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This is an excerpt from Bo Bengtson’s 1994 AKC Gazette profile of photographer Joan Ludwig, who reigned for a half century as the acknowledged West Coast master of canine photography:

If it’s true that a picture is worth more than a thousand words, then Joan Ludwig has spoken more to the dog fancy than almost anyone else. For decades her portraits have adorned dog magazines in every corner of the world, and for thousands of aspiring exhibitors a photograph of their dog bearing her characteristic handwritten signature remains the ultimate seal of approval; proof that you have really arrived.

The prolific output and sustained length of Ludwig’s career is an achievement in itself, but it is the quality of her work and the effect her photographs have had on budding exhibitors, breeders, and judges over the years that most clearly demonstrate her unique place in the sport of dogs.

Over the past half century, untold numbers of dog lovers had their first exposure to show dogs through a Ludwig photograph. It would be interesting to know exactly how many were drawn into the sport of dogs at least partly by the lure of her aristocratic champion portraits, irresistible puppies, and athletic dogs in action. Few photographers have been able to imbue their subjects with such drop-dead glamour as Joan Ludwig. There is an almost palpable lushness to her best photographs that make you want to touch the dog, feel the silky coat, fondle those soft ears.

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I will never forget my first encounter with a Ludwig photograph. Reading every scrap of the sparse dog publications available in Sweden, where I grew up in the 1950s, it was a whole new world that suddenly opened when, without warning, an impossibly gorgeous Ludwig portrait of a white miniature Poodle in full show coat appeared on the cover of a dog magazine. It was so striking, so unbelievably gorgeous, that you could only stare at it, wondering if such dogs really existed anywhere outside of the imagination.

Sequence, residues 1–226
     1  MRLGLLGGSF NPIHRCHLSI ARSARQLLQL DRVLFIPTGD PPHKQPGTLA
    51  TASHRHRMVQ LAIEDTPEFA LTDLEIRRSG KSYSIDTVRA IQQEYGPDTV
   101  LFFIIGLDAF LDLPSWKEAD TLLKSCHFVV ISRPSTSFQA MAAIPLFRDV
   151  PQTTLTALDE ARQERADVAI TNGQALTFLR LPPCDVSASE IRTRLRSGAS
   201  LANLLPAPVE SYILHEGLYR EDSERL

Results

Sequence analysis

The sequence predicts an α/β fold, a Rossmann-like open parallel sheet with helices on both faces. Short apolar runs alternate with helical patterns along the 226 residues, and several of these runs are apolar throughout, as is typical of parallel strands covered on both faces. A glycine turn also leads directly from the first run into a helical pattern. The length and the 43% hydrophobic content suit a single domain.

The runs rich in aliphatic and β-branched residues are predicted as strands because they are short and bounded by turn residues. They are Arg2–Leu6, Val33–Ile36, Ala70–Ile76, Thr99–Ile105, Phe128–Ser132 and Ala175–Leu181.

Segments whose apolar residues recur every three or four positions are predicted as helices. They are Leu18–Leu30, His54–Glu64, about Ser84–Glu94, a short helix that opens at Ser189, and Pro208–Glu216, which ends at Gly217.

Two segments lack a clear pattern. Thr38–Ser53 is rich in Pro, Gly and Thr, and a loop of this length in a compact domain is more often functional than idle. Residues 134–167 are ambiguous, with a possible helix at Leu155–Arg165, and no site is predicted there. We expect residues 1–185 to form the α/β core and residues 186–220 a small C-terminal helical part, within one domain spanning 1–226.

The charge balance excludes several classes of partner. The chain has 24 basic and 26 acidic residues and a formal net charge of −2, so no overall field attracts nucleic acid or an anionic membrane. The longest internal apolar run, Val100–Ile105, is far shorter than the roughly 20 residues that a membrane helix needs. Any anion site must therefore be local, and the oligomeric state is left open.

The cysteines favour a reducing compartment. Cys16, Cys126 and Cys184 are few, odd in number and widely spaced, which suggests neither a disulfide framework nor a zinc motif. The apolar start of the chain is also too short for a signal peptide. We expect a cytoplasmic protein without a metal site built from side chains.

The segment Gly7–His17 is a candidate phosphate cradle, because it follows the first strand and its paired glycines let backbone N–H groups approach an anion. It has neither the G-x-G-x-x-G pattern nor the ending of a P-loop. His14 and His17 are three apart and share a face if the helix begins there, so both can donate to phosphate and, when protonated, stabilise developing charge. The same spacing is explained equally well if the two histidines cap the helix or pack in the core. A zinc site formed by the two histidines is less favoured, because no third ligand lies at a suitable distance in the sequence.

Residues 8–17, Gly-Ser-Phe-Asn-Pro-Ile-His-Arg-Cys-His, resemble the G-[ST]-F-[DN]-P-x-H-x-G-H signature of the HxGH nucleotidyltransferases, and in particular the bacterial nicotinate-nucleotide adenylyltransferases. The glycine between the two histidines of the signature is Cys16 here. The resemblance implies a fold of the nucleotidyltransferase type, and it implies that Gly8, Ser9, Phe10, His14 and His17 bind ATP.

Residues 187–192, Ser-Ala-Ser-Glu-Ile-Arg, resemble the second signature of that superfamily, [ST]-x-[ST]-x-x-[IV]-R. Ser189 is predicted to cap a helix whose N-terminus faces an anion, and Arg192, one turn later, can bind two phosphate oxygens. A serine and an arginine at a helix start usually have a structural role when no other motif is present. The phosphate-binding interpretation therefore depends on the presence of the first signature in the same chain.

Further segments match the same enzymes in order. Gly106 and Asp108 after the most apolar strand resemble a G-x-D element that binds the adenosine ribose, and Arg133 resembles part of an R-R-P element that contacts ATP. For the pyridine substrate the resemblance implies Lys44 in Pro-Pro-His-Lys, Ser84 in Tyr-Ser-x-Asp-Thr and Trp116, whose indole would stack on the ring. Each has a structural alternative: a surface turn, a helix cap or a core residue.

It also, of course, says a lot for Ludwig’s stature as a photographer that magazine publishers on the other side of the world put her work on their covers; she has, in fact, supplied complete sets of photographs for dog books and encyclopedias in languages she has not been able to read!

For dog fanciers in Southern California, Ludwig has been so closely associated with dog shows for so long that it’s almost impossible to think of one without the other. The trim figure, the mop of gray hair, the dangling brown cigarette, the Hasselblad camera in one hand and the well-worn catalog in the other (used for a hundred tosses to attract the dogs’ attention), her crooked smile and salty good humor, her total lack of ego and pretense—everything conspires to help her stand out even in the turbulent hothouse atmosphere of California dog shows.

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To say that she has become a fixture of the dog show scene is to state the obvious, and it is a sign of her stature that she is held in high regard even in the notoriously competitive and highly specialized field of dog show photography. You talk to Ludwig’s peers and words such as “legend” are bandied about. Many of them owe much to her influence; one of them—Missy Yuhl—apprenticed for Ludwig in the beginning of her career. And Steve Eltinge offers this professional summary of Ludwig: “Joan’s lifelong commitment to excellence in dog photography is unique. There are other photographers with as much technical expertise, even as fine an artistic eye, but I can think of no one else who combines the kind of energy, talent, and humor necessary to create images that are truly memorable.” —B.B.

Photos by Ludwig: Thomas B. Wanamaker Jr., a leading Irish Wolfhound exhibitor of the 1940s and ’50s, with (l. to r.) Fair Erin of Edgecliff, Tara of Ouborough (Erin’s dam), and Ch. Finn MacCool of Edgecliff (a Tara son sired by Wanamaker’s most famous dog, multi-BIS Ch. Arnold of Edgecliff); Doberman Pinscher Ch. Dorr’s Reward of Maestro, CDX, ROM, SchH II, AD, WAC (c. mid-1970s); Whippet Ch. Canyon Crest’s Mamie owned by Margaret and Bill Bagshaw, of Beverly Hills. Mamie’s banner year was 1955, when she topped all hounds with 8 BIS, 27 group firsts, and 16 group seconds.


If you love vintage photos, you’ve come to the right place! For more great shots, see “Tauskey Treasures: Ultra-Rare Dog Photos Debut Online After 90 Years” and “The Other Mr. Fall.”
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This article was originally published in AKC Family Dog magazine. Subscribe today ($12.95 for 6 issues, including digital edition) to get expert tips on training, behavior, health, nutrition, and grooming, and read incredible stories of dogs and their people.
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